Recently, Peter and I got a Costco membership despite my assertion that Costco is a rip-off. As it turns out, the truth is nuanced–you can save some money by joining their club, but you have to know the value of things, since not everything is cheaper, and some is even more expensive. And the deals you do get are rarely as large as the typical Costco shopper expects it to be.
For instance, to begin with, we joined because I needed new tires, and Peter was under the impression Costco had the best prices for tires. But when we priced them out, it turned out a full set of tires for my car at Wheelworks was $100 less than at Costco, because Wheelworks had a lesser-known brand of tires, whereas Costco’s best deal was set of Michelin tires with a $70 off coupon.
But we were able to take advantage of our membership for some modest savings. Among the best was a 50-lb bag of bread flour which cost the same as a 25-lb bag of bread flour at Smart & Final. (We make our own bread, and I know we’ll use this up.) I had $12 off coupon to a big tub of chlorine tables, which made them,well, $12 less than the same amount of chlorine tablets at Leslie’s or Home Depot. We decided to spend Peter’s birthday at the Santa Cruz Boardwalk, and since we’re an evenly-numbered family of 4, we could buy the Costco 2-ticket passes and saved $10 over getting 4 online passes. And to my surprise, when our local Enterprise car rental stopped taking 10% off Entertainment Book coupons, they would still take a 4% Costco discount, so we saved about $15 on a rental. The $1 hot dogs are a nice lunch, and if you don’t care about pizza quality too much, but you still want something better than Little Caesar’s, the Costco pizzas are a favorite choice.
It’s important to counter that not everything is a deal. I could buy lamb chops at $7.99/lb, when they’re $9.99/lb at Safeway, but would I have bought those lamb chops at all, if they hadn’t been at Costco? I recently bought beef tenderloin on sale at Safeway $9.99/lb, and at Costco it was $14.99/lb.–the same as Safeway’s regular price. I needed two avocados for a recipe, and I was tempted to buy a 5-avocado bag which would cost $1.19 per avocado, when I knew Safeway was selling avocados (singly) at $1.25 each. Then Peter leaned over and whispered “moldy avocado” in my ear, and I figured the extra 12 cents to get what I wanted and not risk extra produce rotting on my counter would be better. Afterwards, I found individual avocados at Smart & Final for 75 cents each. I can get two gallons of milk at Costco for $3.18, which will cost me $3.70 at Smart & Final, but when I just need to get some milk, I’d like the fact that I can swing past Smart & Final at 8 am to get it, instead of having to wait until mid-day and then wait in a check out line for 1/2 hour to save 52 cents. I often hear people wax poetic about Costco gas prices, but a glance at Gasbuddy shows me the local Arco stations charge exactly the same, and their gas lines are shorter.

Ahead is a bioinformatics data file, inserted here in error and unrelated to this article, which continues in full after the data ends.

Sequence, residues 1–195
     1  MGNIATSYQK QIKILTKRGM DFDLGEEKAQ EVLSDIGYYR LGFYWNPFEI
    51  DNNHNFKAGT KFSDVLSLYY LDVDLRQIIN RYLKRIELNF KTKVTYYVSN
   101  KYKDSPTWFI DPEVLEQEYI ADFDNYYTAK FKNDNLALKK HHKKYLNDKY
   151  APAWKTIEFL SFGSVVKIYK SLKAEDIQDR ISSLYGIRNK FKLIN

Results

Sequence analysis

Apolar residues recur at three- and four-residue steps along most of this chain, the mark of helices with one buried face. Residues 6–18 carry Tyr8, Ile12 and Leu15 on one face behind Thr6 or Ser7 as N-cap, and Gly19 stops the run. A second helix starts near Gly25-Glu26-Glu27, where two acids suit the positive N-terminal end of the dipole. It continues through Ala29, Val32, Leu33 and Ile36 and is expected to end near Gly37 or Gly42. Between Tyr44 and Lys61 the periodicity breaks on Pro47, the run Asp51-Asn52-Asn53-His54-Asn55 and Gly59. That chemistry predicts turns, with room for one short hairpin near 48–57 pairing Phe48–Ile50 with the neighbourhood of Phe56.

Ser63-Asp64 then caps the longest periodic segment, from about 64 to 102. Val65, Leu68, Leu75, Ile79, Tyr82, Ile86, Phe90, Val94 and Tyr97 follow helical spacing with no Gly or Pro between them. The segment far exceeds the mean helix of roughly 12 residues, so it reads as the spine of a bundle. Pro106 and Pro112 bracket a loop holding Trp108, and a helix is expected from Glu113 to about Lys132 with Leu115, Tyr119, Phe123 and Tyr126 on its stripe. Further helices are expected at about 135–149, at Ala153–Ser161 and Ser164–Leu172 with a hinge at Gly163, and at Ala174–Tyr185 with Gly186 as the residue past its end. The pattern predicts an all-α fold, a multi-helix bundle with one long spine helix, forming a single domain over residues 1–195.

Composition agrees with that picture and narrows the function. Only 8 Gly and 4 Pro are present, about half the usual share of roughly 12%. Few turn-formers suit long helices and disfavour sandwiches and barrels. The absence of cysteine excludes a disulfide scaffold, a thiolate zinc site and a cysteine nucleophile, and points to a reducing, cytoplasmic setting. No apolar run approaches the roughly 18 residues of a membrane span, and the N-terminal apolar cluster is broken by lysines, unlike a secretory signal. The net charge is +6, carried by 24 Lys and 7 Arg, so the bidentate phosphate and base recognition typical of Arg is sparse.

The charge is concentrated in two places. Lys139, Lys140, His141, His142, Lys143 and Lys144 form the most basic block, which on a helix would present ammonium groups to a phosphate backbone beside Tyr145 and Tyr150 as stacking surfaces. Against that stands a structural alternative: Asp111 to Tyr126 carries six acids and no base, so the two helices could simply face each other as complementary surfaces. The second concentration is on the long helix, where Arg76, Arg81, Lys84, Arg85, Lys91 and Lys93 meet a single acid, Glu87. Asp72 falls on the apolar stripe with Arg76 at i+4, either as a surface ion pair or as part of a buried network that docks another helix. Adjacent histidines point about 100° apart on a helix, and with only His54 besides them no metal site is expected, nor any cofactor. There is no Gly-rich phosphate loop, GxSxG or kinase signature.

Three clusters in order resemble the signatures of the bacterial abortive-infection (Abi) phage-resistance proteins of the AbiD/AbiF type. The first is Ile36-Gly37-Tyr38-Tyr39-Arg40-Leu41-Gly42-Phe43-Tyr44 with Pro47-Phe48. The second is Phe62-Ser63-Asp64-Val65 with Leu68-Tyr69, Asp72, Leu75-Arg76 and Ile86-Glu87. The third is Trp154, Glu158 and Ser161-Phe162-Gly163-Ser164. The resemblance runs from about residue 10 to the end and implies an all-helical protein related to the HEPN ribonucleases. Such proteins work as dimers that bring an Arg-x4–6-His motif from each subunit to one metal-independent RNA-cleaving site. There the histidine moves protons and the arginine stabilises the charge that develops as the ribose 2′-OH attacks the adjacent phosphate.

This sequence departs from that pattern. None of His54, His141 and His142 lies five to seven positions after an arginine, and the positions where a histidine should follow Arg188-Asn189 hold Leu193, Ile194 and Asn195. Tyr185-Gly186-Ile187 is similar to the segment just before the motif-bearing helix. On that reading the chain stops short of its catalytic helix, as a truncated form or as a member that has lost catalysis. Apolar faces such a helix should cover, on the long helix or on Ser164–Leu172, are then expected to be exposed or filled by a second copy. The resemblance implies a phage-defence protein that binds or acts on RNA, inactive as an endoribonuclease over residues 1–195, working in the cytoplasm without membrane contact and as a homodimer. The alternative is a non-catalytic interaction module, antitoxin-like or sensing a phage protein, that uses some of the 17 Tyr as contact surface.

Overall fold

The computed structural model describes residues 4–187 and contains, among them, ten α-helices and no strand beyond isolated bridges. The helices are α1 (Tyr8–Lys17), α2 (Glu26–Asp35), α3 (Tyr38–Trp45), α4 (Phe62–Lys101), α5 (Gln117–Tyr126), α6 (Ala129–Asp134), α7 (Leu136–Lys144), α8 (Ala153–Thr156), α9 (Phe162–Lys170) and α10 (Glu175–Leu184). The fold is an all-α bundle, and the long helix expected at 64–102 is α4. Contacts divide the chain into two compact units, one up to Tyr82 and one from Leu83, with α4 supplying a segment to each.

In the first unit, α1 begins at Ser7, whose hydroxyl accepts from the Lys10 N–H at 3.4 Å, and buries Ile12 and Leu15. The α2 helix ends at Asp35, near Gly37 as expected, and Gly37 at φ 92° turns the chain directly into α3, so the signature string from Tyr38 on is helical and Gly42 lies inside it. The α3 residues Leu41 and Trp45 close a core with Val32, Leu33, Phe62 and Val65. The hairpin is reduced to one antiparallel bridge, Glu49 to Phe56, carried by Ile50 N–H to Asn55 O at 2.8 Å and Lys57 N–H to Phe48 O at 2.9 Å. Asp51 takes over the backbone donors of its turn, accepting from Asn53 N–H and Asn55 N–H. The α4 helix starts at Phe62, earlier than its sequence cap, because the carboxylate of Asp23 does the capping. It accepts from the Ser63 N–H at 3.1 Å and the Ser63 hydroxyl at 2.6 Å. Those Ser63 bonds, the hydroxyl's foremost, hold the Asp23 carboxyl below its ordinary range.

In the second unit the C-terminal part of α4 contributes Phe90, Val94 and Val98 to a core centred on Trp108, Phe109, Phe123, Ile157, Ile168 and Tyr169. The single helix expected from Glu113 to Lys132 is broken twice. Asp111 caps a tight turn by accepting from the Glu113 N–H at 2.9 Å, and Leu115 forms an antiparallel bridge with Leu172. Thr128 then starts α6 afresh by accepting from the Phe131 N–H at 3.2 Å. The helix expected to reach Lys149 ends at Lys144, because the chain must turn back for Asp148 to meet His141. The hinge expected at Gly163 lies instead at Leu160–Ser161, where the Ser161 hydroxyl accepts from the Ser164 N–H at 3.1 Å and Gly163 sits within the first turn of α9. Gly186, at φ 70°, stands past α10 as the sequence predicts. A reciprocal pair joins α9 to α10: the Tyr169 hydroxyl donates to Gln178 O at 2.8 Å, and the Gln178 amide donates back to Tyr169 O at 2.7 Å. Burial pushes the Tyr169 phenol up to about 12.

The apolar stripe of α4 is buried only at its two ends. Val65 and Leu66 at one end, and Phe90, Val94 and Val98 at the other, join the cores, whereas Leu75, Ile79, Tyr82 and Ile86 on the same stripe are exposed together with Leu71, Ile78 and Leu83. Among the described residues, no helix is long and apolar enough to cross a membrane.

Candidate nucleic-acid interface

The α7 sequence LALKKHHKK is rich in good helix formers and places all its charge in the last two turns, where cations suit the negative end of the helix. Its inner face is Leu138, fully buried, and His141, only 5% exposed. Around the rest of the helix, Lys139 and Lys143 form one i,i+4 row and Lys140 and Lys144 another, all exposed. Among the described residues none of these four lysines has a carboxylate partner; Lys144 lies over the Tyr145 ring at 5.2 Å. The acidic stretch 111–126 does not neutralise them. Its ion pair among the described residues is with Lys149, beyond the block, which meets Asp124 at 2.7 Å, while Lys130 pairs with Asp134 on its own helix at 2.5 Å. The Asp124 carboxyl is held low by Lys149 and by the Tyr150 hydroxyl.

So what’s really the appeal of Costco? They do have some exclusive products which we like and can’t get elsewhere, like their 1/3-lb. sirloin burger, gourmet ravioli, and a box of feta cheese that’s just the right size for a few weeks of Mediterranean salads and dinners. But I’m not sure the products are so appealing they justify paying to join a club. The real appeal is snobbery. If you’re looking for bargains and aren’t committed to a specific brand, the places to go are Wal-Mart, IKEA, thrift stores, and froogle.google. On the other hand, no one brags about the pool table they got at Wal-Mart, even though they will brag about the one they bought at three times that price at Costco.
Costco’s done a good job of branding itself as a value, whereas its lower-priced competitors are perceived as bargains. You pay to buy into value; you don’t buy into a bargain. As for Peter and me, I suspect we’ll save $200-$300 over the course of a year by carefully buying the things we want and can realistically use which are actually cheaper at Costco, and we will enjoy the Costco exclusives which we like, even though they’re not a deal. The amount we save depends on how often we can stomach the long lines, and the glazed eyes of our fellow shoppers loading their carts with more goods than a normal family can consume. I suspect we’ll save more by getting groceries at Wal-mart than the net $150 or so we saved getting selected items at Costco. Plus, at Wal-mart, the lines are shorter, and you don’t have to wait for someone to review your receipt as you leave on the pretense that they’re cross-checking against their registers’ pricing, when we all know it’s to make sure you’re not stealing. We’re not snobs, so we’re only happy about real deals, and, mostly, at Costco, those deals are fairly modest–especially when you consider you had to pay to get them.
One additional note: Costco prescription drug prices are good, even better than online (though still more than the selected prescription drugs Wal-mart sells for $4), and I wouldn’t have known this until I had a membership and asked. However, in California, at least, you don’t need to have a Costco membership in order to use the pharmacy, so you can get those great prices without having to pay $50.
Thanks for your thoughtful commentary.
My wife and I are experiencing the exact kind of mild buyer’s remorse you describe here, and it is reassuring to know that others came to the same conclusions.
Wow you put beautifully into words what I have been realizing over the past few years. People are really good at tricking themselves into thinking they are saving money, especially at “sales” when they spend more on stuff they simply don’t need at prices that are still too high! Love your post here, will follow if you still write.